The fourth annual School Planning, Design & Construction Conference will examine how to build adaptable learning environments that effectively serve the country, it’s growing population and the needs of students and teachers. Held in May at the Rendezvous Hotel, Melbourne, this event is fast approaching. In the lead up to this unmissable conference, we spoke to John Neish, Group Director – Planning & Strategy, Department of Education NSW, to understand his perspective on school planning in Australia.
Could you please provide your insight into the changing needs and trends within school environments?
People are moving into global cities and living in much denser environments. This places more pressure on inner ring suburbs to accommodate schools in high priced land. New school models are required. This will be echoed in migration to rural centres.
To prepare students for the workplaces of the future, collaborative learning spaces are required, which are flexible and rich in technology. More flexible arrangements between learning places and future employers will emerge, where in the later years of schooling spaces will blur between school, learning experiences and future employment.
As AI, gaming technologies, and teaching techniques blend, new teaching environments will start to emerge. Given the higher densities and demand for social infrastructure schools will blend into specialist community hubs where social infrastructure is optimised.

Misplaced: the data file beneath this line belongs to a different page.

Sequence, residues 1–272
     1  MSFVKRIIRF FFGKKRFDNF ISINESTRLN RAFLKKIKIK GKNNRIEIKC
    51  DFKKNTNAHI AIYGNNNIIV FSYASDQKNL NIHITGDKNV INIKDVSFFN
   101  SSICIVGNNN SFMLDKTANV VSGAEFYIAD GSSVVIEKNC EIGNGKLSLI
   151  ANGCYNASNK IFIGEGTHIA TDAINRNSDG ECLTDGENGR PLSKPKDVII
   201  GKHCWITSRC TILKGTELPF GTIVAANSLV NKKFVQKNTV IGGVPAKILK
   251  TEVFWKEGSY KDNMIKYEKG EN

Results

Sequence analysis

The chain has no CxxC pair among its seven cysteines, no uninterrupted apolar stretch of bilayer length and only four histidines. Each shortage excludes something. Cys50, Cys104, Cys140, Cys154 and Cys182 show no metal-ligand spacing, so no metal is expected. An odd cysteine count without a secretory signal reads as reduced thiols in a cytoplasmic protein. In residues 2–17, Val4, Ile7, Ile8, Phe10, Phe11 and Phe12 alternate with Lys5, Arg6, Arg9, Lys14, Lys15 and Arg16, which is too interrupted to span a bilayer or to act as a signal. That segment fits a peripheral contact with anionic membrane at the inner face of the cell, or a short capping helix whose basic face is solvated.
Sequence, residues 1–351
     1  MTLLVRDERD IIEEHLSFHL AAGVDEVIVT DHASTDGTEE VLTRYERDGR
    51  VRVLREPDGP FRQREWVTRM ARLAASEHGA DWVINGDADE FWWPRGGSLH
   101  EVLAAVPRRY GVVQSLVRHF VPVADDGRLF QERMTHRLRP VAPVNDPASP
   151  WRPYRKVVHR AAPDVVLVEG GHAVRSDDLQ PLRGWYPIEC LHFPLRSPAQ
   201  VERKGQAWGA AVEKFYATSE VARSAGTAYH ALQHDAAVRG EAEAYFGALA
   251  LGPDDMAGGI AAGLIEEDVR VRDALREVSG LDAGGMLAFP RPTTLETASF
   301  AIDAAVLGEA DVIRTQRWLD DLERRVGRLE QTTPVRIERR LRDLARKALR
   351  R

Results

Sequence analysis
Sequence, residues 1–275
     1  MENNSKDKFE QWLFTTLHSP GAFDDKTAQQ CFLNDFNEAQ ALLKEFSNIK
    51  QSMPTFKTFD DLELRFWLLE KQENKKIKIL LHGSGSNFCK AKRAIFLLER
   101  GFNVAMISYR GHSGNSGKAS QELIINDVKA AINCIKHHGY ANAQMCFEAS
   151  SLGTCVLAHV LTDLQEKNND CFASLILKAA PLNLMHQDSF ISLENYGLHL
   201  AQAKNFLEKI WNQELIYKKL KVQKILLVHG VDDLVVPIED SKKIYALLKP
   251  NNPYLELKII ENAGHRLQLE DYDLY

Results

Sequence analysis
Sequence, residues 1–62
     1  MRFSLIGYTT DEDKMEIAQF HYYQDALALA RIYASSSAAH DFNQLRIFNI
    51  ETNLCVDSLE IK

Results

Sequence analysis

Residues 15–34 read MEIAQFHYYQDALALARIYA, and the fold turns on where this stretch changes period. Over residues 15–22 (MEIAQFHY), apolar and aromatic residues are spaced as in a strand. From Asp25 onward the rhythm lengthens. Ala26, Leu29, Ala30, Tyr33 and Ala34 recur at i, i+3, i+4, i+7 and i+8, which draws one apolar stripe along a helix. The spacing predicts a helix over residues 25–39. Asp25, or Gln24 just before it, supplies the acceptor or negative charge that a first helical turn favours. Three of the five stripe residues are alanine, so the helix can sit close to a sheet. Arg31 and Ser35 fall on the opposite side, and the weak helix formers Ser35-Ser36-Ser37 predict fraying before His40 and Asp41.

How do you plan schools in a changing environment?
With great difficulty. Factors that affect school planning include;
We must work collaboratively with other agencies and organisations like never before to integrate infrastructure planning. Planning tools that provide value decision making, partnerships with the private, non-government and local government are essential elements for effective decision making.
Available and affordable land and the optimum use of shared facilities must also form part of the mix to ensure schools become part of broader social infrastructure. Communities expect more engagement as well and we need to take them on the change journey. All of this makes schools planning more complex.
You are speaking at the School Planning Design and Construction conference – What are you most looking forward to at the event?
For me the things to look forward to are networking and hearing about what others are up to. I rarely have an original idea in my life so being exposed to lots of inspiration from others helps. I’m looking forward to hearing about modular school construction, grappling population growth, new funding models, new teaching methods, innovation in design – it’s all there!
Bringing people together to talk about the future of schools is another issue again. Talking with others who have been through it really helps to understand that we are not alone and collectively hold the answers.
The annual School Planning, Design & Construction Conference will be held on the 22nd – 23rd of May 2018 at the Rendezvous Hotel Melbourne. This Conference will discuss pressing issues in building and planning learning spaces for future generations. Register Now